Red, white and blase for one quarter, the U.S. Olympic team woke up and won with ease.
Shaking off a sluggish, sloppy start and maybe some Brazilian boredom, the Americans regrouped in the second quarter and romped over Venezuela 113-69 on Monday, taking another step toward a possible third straight gold medal.
Kevin Durant scored 16 points and Carmelo Anthony 14 for the U.S. squad, which may have grown a touch overconfident following a 57-point blowout of China in its tournament opener.
The Americans were tied at 18-all after one quarter, but stopped turning the ball over and fouling, unleashed their defense and outscored Venezuela 30-8 in the second period. They cruised from there, improving to 82-1 under coach Mike Krzyzewski and reminding everyone it's going to take a special performance for 40 minutes to deny them another Olympic title.
"Everything's not going to be easy," Durant said. "We know that, even with this great team."
It was similar to the meeting between the teams in Chicago on July 29, when the U.S. shot poorly and still won by 35 on their pre-Rio exhibition tour. Maybe this was a reminder that no team can be taken lightly — and there is little margin for error — once the Olympic flame is ignited.
"Once we settled down, made our adjustments to the way they were calling the game, the way that Venezuela wanted to play the game, that second quarter we picked it up defensively and turned it around," Anthony said.
The Americans continue pool play on Wednesday against unbeaten Australia. The Aussies, featuring five NBA players, four of them league champions, improved to 2-0 on Monday with an impressive 95-80 win over Serbia. Australia has never won an Olympic medal in men's basketball, but Krzyzewski knows the team from Down Under will be up for the Americans.
"I don't think they've gone back to their boat or apartment or wherever they're staying thinking they can't beat us," the coach said. "They feel like they can beat us and we understand that."
Anthony, the four-team Olympian and two-time gold medalist playing in his record 25th game for the United States, provided a much-needed spark in the second quarter.
With the Americans leading just 28-22 and looking anything but golden, Anthony came across the lane and stripped the ball away from Venezuelan center Gregory Echenique and passed it to Kyrie Irving. Anthony followed Irving up the floor, accepted a feed on the wing and knocked down a 3-pointer that lifted some of the pressure — and fog — off Team USA.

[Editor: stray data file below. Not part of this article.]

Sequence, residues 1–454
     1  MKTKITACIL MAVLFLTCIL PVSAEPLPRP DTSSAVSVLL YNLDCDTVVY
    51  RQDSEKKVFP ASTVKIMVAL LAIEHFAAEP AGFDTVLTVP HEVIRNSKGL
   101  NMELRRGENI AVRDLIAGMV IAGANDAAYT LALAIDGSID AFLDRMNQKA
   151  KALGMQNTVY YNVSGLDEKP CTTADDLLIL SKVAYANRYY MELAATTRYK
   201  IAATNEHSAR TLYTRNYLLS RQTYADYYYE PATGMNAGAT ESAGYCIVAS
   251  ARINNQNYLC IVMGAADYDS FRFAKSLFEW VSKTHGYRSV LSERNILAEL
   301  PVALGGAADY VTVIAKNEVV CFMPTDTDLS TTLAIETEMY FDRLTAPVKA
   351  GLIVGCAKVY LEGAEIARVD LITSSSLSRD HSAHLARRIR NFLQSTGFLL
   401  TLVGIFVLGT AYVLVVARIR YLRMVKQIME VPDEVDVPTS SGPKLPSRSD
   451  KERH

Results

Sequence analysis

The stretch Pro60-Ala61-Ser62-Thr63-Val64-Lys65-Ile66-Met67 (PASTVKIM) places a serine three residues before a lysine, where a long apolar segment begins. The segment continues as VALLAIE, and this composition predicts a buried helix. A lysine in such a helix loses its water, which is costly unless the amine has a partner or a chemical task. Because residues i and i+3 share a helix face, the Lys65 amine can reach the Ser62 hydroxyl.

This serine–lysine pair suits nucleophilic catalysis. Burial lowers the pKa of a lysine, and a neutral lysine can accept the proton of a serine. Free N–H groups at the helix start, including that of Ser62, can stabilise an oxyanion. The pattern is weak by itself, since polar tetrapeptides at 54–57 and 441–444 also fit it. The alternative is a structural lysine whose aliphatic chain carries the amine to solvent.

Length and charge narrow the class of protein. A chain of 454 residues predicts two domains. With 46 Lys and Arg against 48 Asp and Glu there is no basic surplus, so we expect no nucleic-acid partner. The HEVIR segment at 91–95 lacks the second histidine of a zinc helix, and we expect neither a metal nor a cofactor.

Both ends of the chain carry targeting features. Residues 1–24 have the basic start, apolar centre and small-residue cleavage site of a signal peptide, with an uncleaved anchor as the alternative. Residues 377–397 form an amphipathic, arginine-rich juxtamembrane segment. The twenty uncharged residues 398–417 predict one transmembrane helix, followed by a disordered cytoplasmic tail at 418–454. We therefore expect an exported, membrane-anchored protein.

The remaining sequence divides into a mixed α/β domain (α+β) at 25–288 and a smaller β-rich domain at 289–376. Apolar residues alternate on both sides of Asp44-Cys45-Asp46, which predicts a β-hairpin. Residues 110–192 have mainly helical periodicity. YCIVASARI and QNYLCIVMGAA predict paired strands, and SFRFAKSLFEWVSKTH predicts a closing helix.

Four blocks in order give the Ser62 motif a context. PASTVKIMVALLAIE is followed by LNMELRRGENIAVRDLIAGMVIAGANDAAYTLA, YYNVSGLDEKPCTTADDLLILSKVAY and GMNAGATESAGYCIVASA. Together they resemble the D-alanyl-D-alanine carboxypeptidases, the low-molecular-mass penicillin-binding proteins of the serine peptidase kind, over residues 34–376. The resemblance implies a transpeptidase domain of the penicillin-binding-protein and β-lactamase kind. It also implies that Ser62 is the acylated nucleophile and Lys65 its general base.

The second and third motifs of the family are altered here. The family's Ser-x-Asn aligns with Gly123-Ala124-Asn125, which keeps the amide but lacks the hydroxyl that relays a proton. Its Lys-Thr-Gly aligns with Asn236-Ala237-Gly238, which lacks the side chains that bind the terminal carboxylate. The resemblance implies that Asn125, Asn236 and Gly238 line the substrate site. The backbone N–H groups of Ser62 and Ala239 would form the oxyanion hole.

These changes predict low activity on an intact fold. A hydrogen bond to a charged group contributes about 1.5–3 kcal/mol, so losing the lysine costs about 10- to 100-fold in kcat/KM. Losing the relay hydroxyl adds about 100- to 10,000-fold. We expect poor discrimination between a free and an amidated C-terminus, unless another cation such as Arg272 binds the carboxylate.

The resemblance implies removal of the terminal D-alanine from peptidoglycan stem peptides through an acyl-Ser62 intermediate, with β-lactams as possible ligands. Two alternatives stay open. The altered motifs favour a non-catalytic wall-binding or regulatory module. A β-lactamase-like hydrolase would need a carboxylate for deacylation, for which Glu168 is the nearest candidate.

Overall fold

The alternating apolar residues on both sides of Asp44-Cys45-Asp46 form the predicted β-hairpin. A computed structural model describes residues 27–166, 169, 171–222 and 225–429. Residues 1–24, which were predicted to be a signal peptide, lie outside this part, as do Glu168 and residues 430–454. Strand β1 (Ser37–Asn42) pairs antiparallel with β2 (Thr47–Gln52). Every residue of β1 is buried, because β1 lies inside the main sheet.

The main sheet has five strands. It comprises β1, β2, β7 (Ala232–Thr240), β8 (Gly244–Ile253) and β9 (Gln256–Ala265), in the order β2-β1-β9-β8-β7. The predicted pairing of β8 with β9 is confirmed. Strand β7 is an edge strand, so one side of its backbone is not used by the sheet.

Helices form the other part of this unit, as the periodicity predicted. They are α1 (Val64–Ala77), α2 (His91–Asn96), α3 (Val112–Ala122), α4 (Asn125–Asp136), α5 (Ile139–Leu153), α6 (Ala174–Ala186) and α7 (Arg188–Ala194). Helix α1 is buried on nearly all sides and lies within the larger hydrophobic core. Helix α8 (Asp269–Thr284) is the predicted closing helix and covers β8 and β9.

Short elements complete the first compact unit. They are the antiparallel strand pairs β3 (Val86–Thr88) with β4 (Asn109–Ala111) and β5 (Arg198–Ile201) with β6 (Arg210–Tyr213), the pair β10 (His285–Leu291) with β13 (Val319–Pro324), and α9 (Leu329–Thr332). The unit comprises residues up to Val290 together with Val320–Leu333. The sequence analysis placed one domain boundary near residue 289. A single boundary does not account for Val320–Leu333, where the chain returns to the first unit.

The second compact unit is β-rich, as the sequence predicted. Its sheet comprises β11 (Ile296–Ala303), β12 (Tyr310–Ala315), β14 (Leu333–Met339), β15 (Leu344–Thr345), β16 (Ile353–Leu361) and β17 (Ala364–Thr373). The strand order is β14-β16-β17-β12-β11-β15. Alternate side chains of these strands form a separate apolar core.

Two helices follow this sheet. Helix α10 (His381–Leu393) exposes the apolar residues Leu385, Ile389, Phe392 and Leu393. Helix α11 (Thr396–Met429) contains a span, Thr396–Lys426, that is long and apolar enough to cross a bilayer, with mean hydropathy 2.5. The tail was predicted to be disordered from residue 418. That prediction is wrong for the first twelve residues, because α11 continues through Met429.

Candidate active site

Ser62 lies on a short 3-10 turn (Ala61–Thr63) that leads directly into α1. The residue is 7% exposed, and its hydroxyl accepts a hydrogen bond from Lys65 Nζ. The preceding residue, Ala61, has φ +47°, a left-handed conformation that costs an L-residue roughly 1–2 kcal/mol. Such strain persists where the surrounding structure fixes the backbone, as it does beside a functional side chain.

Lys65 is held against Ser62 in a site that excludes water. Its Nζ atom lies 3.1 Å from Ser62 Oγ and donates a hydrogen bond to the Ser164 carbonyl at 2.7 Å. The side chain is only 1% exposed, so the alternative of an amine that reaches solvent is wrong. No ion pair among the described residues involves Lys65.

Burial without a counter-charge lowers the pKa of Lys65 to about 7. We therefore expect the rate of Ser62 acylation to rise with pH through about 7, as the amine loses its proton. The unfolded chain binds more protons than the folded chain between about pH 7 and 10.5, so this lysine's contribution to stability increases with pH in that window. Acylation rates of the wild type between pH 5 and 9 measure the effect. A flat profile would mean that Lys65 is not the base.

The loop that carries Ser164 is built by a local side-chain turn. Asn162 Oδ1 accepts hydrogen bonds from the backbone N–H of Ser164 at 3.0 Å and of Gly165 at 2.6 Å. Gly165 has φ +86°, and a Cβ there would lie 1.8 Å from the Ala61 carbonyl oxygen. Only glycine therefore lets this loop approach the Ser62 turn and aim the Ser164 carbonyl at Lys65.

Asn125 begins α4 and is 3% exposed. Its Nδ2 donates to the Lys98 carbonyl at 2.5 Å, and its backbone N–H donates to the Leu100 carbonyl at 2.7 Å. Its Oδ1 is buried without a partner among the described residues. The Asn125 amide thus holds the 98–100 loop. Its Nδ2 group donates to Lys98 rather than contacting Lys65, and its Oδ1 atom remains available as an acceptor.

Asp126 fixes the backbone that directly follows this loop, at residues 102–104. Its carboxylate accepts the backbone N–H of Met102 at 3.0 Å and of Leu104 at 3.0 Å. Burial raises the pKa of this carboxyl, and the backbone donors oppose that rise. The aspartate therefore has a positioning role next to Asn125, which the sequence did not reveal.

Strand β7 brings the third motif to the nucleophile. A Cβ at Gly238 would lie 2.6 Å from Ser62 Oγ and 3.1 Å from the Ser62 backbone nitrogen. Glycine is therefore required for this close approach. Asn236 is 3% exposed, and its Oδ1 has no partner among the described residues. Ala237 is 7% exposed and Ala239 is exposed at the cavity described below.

"That changed the game," said Paul George, who led the U.S. with 20 points. "Melo made that three and it gave us all confidence."
Anthony moved past Michael Jordan on the career scoring list and now only trails LeBron James and David Robinson for the most points by an American Olympian.
"I never even knew that," Anthony said. "Anytime you can break a record or make history or pass somebody like Michael Jordan, it's an honor. We still have more games to go so hopefully we can break more records."
Jimmy Butler scored 17 — most of them coming in extended garbage time — and DeAndre Jordan added 14 and nine rebounds in the first Olympic matchup between the nations.
Venezuela's John Cox, a cousin of American superstar Kobe Bryant, scored 19 and Echenique 18.
Although this may not be the best made-in-America team as James, Stephen Curry and others chose to skip the first games held in South America for a variety of reasons, the U.S. squad that came to Brazil appears to be in a class by itself. There will likely be tougher games ahead, but they haven't had one yet.
Venezuela, which doesn't have an NBA player on its roster, didn't figure to be a threat but the FIBA Americas champion wasn't intimidated by the U.S. roster of household names and with their fans doing all they could to push the heavy underdogs, they outworked the Americans in the first quarter, which ended with the U.S. committing six turnovers.
It was a very different story in the second, when the Americans flexed their muscle at both ends, reeled off 13 straight points in one stretch and took complete control.
"They have a lot of shooters, no?" Venezuela coach Nestor Garcia said with a smile.
They have a lot of everything.